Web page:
TJFF 2018: Our Review of ‘The Last Suit’

TJFF 2018: Our Review of ‘The Last Suit’

The Last Suit does something visually interesting. Its present day scenes are in black and white while its flashback scenes are in colour. It’s usually the other way around. There are practical reasons for this. Mainly, that it uses black and white to hide the terrible makeup job on its leading actor Miguel Angel Sola. The filmmakers wanted to make the 67-year-old actor look 20 years older.

However, there’s a roughness to the present day scenes that symbolizes, albeit overtly, a man stuck in the past. The flashbacks, on the other hand, look crisp and current. I like the casting for these scenes. The actors there have modern faces instead of ones we usually see in period films. Since the flashbacks shows Jewish people in the 1940s, their faces remind the audience that these people were real.

Sola plays Abraham Burzstein, a retired Argentinian Jewish tailor. Present day Abraham has pressing concerns. His two daughters have decided to approve the amputation of his leg. They also try to stick him in an old person’s home. He, of course, has other plans, which involve him returning to Poland via Spain.

There’s a King Lear throwback as a subplot to this story, since there’s a third daughter. Her name is Claudia (Natalia Verbeke), and they stopped speaking because she refused to publicly declare her love for him. She’s the film’s clunky deus-ex-machina, bailing him out after an invisible thief breaks into his hostel room.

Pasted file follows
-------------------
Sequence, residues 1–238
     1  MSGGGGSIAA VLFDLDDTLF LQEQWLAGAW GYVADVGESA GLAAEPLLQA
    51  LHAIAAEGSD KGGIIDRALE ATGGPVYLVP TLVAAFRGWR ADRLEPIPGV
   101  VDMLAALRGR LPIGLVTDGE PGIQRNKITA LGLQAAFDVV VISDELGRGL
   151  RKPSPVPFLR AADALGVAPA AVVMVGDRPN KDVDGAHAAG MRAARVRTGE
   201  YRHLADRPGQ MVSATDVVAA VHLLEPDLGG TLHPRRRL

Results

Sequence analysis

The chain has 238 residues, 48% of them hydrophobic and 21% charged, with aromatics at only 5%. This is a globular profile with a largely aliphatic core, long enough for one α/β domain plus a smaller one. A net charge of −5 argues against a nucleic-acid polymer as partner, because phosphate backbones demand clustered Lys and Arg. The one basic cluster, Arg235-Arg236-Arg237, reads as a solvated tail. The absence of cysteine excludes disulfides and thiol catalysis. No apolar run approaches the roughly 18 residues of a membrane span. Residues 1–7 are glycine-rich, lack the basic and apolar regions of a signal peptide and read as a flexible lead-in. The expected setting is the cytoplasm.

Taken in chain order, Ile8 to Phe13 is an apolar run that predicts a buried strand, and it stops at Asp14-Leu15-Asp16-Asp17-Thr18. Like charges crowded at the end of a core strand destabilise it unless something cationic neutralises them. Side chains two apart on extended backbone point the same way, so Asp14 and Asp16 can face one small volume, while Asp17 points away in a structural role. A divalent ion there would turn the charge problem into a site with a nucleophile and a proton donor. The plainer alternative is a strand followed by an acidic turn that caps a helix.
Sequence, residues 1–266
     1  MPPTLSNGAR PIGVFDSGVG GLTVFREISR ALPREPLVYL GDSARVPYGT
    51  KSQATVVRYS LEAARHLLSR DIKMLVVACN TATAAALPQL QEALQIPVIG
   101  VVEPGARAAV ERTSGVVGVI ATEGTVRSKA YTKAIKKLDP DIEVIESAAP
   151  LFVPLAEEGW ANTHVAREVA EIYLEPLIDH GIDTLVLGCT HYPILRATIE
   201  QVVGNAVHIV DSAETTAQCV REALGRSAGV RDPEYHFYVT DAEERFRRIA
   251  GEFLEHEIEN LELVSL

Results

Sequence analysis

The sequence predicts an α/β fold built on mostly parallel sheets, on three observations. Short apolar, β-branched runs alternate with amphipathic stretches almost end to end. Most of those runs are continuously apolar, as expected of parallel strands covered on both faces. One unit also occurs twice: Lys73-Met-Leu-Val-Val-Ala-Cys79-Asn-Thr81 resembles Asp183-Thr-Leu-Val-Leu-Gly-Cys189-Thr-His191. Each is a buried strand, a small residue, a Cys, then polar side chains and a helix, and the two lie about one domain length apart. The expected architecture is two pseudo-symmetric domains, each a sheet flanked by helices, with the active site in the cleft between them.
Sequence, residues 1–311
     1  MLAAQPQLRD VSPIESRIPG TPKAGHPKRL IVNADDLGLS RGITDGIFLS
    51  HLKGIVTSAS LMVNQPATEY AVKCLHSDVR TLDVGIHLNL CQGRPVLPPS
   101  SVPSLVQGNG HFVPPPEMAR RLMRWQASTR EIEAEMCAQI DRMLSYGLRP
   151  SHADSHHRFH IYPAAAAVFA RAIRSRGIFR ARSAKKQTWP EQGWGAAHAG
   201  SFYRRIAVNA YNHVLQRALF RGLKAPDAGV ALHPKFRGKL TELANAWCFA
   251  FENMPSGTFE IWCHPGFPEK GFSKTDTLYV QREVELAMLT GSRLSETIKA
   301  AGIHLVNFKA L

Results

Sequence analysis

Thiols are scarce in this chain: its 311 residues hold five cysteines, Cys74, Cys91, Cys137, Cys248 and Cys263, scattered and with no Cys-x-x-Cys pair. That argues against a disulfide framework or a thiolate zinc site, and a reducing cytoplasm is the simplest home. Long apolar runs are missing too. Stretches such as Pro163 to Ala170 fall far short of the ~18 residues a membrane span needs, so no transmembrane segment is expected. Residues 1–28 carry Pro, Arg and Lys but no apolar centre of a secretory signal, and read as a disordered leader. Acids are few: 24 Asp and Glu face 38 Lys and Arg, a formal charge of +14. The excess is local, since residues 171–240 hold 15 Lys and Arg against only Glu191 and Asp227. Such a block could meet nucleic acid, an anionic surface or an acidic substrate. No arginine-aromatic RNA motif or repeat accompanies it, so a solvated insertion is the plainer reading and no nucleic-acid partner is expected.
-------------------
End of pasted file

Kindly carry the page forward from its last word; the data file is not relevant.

This is, again, a story about a man returning to his home. This has complications since some German soldiers drove Abraham out of his home. There are a lot of flaws to how the movie delivers his story. But the film understands the triggers of real people and how raw that is, and Sola performs that so well.

  • Release Date: 5/7/2018
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While Paolo Kagaoan is not taking long walks in shrubbed areas, he occasionally watches movies and write about them. His credentials are as follows: he has a double major in English and Art History. This means that, for example, he will gush at the art direction in the Amityville house and will want to live there, which is a terrible idea because that house has ghosts. Follow him @paolokagaoan on Instagram but not while you're working.
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